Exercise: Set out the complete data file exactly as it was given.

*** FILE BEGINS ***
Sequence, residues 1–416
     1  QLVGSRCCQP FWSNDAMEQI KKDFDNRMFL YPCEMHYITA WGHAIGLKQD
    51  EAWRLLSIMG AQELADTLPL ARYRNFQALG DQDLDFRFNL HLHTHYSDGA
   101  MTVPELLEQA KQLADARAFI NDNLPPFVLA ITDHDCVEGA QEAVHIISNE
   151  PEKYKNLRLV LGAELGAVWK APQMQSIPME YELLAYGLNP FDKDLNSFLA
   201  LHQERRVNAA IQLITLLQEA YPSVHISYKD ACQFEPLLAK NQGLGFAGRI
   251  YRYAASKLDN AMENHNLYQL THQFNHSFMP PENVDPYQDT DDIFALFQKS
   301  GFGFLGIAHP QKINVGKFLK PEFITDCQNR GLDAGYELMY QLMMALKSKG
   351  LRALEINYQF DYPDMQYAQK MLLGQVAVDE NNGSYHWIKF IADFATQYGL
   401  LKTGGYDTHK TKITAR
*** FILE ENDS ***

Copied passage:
Sequence, residues 1–416
     1  QLVGSRCCQP FWSNDAMEQI KKDFDNRMFL YPCEMHYITA WGHAIGLKQD
    51  EAWRLLSIMG AQELADTLPL ARYRNFQALG DQDLDFRFNL HLHTHYSDGA
   101  MTVPELLEQA KQLADARAFI NDNLPPFVLA ITDHDCVEGA QEAVHIISNE
   151  PEKYKNLRLV LGAELGAVWK APQMQSIPME YELLAYGLNP FDKDLNSFLA
   201  LHQERRVNAA IQLITLLQEA YPSVHISYKD ACQFEPLLAK NQGLGFAGRI
   251  YRYAASKLDN AMENHNLYQL THQFNHSFMP PENVDPYQDT DDIFALFQKS
   301  GFGFLGIAHP QKINVGKFLK PEFITDCQNR GLDAGYELMY QLMMALKSKG
   351  LRALEINYQF DYPDMQYAQK MLLGQVAVDE NNGSYHWIKF IADFATQYGL
   401  LKTGGYDTHK TKITAR